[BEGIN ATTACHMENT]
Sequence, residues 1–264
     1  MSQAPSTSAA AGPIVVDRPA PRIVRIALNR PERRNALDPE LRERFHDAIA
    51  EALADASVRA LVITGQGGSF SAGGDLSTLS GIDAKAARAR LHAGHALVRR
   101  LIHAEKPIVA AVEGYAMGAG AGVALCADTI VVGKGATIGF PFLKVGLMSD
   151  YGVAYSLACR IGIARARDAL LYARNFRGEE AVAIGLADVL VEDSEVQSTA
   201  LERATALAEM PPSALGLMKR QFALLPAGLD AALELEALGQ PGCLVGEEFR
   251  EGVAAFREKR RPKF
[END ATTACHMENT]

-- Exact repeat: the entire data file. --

Sequence, residues 1–264
     1  MSQAPSTSAA AGPIVVDRPA PRIVRIALNR PERRNALDPE LRERFHDAIA
    51  EALADASVRA LVITGQGGSF SAGGDLSTLS GIDAKAARAR LHAGHALVRR
   101  LIHAEKPIVA AVEGYAMGAG AGVALCADTI VVGKGATIGF PFLKVGLMSD
   151  YGVAYSLACR IGIARARDAL LYARNFRGEE AVAIGLADVL VEDSEVQSTA
   201  LERATALAEM PPSALGLMKR QFALLPAGLD AALELEALGQ PGCLVGEEFR
   251  EGVAAFREKR RPKF